To the west of Cambridge, between the Ouse Valley to the north and the Cam Valley to the south, lies an undulating plateau known for its ‘boulder clay’ woodlands, giving a clue to the reason for this higher land.
Boulder Clay is a previous name for the Glacial Till deposits left after glaciers have retreated, leaving a variety of material ‘dropped’ as the ice melted. These deposits probably date from the last time that glaciers covered Cambridgeshire – the Anglian glaciation which occurred about 480,000 years ago (during the Pleistocene Period). Influenced by the land that the ice has passed over, the till in this area is mostly a chalky clay but with some sand in places and larger rocks including scattered boulders, the latter sometimes brought from many miles away by the ice.
The till in this area overlies a series of rock units mostly dating from the Cretaceous Period but some older, from the Jurassic. In places the glacial deposits are very thick but in others the older rocks are at the surface. These are mostly clays, although the chalk underlies the south of the plateau and there is a band of sandstone representing the north eastern extent of the Greensand Ridge, better known from Bedfordshire.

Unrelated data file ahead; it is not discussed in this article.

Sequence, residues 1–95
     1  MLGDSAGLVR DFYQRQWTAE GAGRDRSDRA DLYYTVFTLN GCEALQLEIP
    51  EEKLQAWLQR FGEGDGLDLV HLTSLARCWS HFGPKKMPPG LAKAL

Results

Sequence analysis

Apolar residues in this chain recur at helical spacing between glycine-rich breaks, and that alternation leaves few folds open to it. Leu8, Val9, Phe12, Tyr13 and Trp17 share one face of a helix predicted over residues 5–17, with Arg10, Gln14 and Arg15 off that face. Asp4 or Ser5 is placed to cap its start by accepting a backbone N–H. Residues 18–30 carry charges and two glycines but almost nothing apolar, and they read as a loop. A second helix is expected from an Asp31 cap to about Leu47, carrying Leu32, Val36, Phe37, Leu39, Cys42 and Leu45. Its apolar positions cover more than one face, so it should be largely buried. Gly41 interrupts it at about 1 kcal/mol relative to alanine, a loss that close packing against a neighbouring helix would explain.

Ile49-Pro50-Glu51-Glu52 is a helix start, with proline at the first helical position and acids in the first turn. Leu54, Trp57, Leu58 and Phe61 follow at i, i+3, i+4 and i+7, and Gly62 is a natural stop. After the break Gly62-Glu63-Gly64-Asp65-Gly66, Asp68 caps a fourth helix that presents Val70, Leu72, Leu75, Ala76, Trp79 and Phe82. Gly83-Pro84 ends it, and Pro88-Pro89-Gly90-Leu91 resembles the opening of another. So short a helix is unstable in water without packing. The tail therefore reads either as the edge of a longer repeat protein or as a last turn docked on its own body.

As in many places, the current surface hides the interesting landscapes of the past – and research has shown that there are deep, hidden channels under some of the plateau, now infilled with large amounts of material disguising their presence.
Springs sometimes occur when a more impermeable rock layer is reached by water percolating through overlying permeable deposits.
Many of the woods on the ‘boulder clay’ hold populations of the scarce Oxlip, a plant related to primroses that thrives in the seasonally water-logged conditions that the clayey soil provides. The Wildlife Trust has a number of nature reserves on the Plateau forming the Cambridgeshire Hundreds Living Landscape.
Looking south, near Waresley Wood, to the valley of the Dean Brook which lies in the Ampthill Clays and West Walton Formation of Jurassic Age.
The church at Cockayne-Hatley includes local ironstone and cobbles in its walls.
Oxlips growing in Hayley Wood
Sand from the Lower Greensand (Cretaceous Period), easily excavated by badgers!